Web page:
Second reason this team isn't viable, and this is gonna sound sorta tautological but fuck it: they're just not viable. According to Forbes, the Islanders are the NHL's fifth most worthless team (or 26th most valuable team, if you prefer). In this day and age (at least according to an epic Nate Silver essay in Baseball Between the Numbers. It's the one about whether or not A-Rod is overpaid), a sports team makes a lot of its money off of the sort of things that really offend sports purists: stadium naming deals, luxury suites, expensive tickets, overpriced stadium concessions and television rights. NVMC has only 15 permanent concession stands (15! For the whole arena!) and only 32 luxury suites; by comparison, MSG has 88 luxury suites, and probably 15 concession stands on the club level alone. Islanders games are broadcast on something called MSG+, and according to Forbes, they rank 22nd out of 24th in television viewership among American NHL teams. NVMC's naming rights are currently unsold, probably because the team is going to leave in 2015 when their lease on the arena expires.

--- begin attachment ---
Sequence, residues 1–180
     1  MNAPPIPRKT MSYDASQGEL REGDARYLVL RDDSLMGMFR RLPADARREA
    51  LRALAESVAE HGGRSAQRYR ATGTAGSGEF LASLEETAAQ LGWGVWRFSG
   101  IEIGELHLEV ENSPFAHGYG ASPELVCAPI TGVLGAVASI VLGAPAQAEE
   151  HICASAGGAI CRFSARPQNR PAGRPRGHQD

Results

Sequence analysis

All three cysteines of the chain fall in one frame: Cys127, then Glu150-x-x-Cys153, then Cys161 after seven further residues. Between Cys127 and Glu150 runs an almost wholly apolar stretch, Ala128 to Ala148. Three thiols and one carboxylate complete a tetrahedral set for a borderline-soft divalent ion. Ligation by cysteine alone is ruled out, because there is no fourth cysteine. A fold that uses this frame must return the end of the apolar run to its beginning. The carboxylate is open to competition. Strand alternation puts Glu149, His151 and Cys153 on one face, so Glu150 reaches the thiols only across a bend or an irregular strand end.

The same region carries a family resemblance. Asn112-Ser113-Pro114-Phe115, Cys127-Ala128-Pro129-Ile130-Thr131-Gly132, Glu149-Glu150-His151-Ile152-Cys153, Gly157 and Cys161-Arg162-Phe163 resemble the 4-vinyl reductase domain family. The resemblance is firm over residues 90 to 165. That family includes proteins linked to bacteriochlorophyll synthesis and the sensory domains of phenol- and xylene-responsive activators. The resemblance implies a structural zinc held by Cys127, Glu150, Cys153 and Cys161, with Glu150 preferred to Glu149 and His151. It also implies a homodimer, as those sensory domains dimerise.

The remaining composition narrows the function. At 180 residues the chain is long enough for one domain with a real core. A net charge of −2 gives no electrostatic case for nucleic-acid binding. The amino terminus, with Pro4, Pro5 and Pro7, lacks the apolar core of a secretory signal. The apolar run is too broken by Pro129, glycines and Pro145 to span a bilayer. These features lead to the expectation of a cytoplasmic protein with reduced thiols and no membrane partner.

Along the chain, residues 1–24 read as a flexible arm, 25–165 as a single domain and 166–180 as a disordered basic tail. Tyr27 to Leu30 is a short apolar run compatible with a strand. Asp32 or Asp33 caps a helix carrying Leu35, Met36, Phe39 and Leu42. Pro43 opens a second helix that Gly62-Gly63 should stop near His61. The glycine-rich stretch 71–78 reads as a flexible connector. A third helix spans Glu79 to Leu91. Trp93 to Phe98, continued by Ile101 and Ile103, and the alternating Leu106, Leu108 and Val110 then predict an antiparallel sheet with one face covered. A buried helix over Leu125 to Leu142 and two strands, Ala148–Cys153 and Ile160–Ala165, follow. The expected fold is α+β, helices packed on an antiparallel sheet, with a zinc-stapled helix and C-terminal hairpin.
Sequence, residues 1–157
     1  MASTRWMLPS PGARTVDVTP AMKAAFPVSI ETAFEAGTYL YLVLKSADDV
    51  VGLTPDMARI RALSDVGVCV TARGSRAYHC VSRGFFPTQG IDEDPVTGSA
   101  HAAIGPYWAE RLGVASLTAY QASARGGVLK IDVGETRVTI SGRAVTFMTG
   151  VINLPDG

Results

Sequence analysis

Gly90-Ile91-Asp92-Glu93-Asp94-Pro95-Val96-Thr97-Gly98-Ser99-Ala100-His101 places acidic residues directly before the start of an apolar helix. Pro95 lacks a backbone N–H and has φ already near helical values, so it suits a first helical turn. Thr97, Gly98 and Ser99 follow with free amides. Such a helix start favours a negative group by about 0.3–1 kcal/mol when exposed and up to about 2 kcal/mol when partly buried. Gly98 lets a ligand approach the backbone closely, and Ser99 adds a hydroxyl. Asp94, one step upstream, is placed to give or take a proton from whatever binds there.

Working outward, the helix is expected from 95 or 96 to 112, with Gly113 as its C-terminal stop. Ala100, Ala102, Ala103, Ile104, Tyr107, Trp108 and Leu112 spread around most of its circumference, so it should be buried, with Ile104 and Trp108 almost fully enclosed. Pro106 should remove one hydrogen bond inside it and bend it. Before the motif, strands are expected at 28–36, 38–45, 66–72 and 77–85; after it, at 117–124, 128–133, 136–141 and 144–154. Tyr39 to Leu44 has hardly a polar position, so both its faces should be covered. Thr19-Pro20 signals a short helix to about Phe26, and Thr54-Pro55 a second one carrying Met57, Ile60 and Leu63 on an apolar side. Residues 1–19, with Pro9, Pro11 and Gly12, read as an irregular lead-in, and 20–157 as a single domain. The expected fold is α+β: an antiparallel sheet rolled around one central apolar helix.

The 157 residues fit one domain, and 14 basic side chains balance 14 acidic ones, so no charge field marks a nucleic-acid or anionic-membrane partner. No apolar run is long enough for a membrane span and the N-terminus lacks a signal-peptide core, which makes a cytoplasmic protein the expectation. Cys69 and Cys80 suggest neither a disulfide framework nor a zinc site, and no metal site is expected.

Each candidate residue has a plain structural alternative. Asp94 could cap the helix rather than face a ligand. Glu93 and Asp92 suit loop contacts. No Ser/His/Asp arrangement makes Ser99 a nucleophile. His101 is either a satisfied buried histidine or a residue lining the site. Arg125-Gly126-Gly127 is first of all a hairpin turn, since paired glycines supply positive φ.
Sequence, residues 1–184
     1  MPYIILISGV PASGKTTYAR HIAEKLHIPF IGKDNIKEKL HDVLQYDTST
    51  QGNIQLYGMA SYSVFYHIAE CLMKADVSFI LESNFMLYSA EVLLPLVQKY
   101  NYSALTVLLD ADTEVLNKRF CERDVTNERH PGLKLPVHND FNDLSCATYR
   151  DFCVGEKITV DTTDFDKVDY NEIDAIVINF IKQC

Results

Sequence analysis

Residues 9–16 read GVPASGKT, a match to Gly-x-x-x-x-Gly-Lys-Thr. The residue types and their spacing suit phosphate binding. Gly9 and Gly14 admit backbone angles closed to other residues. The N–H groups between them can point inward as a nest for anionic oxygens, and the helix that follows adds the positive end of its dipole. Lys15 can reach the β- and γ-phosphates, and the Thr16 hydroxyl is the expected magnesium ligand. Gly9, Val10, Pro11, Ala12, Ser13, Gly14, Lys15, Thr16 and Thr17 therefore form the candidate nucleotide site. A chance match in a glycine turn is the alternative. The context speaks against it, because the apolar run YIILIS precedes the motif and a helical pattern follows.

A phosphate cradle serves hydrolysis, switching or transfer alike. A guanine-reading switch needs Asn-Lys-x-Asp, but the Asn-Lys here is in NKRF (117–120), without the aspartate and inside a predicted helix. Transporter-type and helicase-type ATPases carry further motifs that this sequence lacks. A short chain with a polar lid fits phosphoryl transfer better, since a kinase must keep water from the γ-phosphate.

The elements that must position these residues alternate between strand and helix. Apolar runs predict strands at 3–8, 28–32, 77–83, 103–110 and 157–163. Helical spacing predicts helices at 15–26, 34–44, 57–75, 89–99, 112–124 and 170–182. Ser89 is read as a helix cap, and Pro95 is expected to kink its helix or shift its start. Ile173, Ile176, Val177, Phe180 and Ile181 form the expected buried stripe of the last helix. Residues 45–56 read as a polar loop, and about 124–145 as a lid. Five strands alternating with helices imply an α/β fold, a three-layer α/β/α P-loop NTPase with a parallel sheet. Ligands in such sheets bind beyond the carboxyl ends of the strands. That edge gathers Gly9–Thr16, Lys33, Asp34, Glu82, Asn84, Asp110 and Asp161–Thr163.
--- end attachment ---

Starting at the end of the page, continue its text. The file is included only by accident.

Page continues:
As Forbes points out, the team's current financial model is unsustainable. And hockey, unlike Baseball and arguably unlike Football and Basketball, has a number of markets it can successfully expand to. An NHL team in Hamilton, Quebec City or even Hartford (which is building a new arena for the UConn basketball team, I believe) would probably sell out every game. Gary Bettman is understandably worried about the NHL turning into a regional, small-cap sort of league, which explains why the Coyotes are still playing in front of 6,000 people a night in Phoenix rather than in front of 17,000 a night in, say, Saskatoon. But as the NBA's experience with the New Orleans Hornets demonstrates, it's better for a league to maximize its profits elsewhere than subsidize an open, festering wound in a market it badly wants to penetrate. The NHL should go where the hockey fans are, to places where a team's success won't depend solely on socio-economic factors that are outside of the league's control. Demand for hockey is elastic in Uniondale, but it sure isn't elastic in Canada (so far this season, the Ottawa Senators have the lowest attendance among the Canadian clubs, at least in terms of per-game percentage capacity. They only sell 98.8% of their seats).